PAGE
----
Sticks and Stones and Apparently Words Can Hurt You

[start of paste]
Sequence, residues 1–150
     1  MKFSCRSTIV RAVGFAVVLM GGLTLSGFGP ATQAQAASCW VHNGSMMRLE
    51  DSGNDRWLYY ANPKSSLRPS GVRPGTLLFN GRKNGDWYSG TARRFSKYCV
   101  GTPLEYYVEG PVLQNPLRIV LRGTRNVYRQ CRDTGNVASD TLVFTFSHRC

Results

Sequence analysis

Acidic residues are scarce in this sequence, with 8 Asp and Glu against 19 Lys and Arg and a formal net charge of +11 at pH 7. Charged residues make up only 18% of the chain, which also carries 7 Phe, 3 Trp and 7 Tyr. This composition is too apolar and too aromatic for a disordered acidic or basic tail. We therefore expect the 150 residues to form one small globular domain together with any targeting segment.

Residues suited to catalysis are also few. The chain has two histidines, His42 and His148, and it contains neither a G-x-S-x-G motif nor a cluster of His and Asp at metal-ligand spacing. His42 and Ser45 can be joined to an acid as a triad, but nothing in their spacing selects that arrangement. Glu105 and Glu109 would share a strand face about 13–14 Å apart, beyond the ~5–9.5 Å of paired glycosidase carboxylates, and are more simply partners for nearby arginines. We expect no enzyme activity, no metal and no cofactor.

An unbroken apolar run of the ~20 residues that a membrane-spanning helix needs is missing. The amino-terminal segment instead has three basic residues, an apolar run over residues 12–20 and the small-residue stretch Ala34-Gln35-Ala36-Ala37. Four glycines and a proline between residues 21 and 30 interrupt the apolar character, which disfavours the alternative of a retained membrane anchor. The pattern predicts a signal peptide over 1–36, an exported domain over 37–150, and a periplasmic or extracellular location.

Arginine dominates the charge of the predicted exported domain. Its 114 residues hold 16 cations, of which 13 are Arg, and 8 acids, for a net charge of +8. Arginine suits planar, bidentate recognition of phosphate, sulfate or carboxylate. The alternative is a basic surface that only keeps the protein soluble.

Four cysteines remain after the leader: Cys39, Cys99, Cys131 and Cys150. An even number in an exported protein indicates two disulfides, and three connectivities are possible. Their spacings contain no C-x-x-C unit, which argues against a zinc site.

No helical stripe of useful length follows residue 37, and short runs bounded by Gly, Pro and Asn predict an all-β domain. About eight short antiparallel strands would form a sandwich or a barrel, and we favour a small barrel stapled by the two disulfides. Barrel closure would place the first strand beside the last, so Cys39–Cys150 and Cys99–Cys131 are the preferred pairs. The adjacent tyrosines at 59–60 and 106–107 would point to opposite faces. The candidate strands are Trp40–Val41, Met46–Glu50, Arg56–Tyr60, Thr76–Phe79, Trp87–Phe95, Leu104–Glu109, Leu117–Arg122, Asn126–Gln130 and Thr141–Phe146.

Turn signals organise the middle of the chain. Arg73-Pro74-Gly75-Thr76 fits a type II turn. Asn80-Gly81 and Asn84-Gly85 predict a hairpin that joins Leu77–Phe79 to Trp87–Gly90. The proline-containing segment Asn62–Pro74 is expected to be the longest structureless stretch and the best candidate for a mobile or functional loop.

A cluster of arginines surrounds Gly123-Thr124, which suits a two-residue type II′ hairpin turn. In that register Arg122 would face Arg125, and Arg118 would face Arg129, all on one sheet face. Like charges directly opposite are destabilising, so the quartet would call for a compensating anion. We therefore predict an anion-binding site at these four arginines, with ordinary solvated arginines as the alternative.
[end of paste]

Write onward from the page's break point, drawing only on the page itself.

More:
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A recent decision by the 11th Circuit Court of Appeals (the federal district which covers Georgia, Florida and Alabama) has suddenly made it far easier for plaintiff employees to assert unlawful harassment claims. At issue in Reeves v. C.H. Robinson Worldwide, Inc. was whether pervasive vulgar language in the workplace can be enough to establish a prima facie case of harassment. Up to this point, in the 11th Circuit, a plaintiff was required to present evidence of physical touching in order to establish a claim of workplace harassment. Following the Reeves decision, “gender [and presumably other protected-class] specific” obscenities can fulfill the “based on” requirement of an unlawful harassment claim, even if the obscene language was not aimed at the plaintiff.

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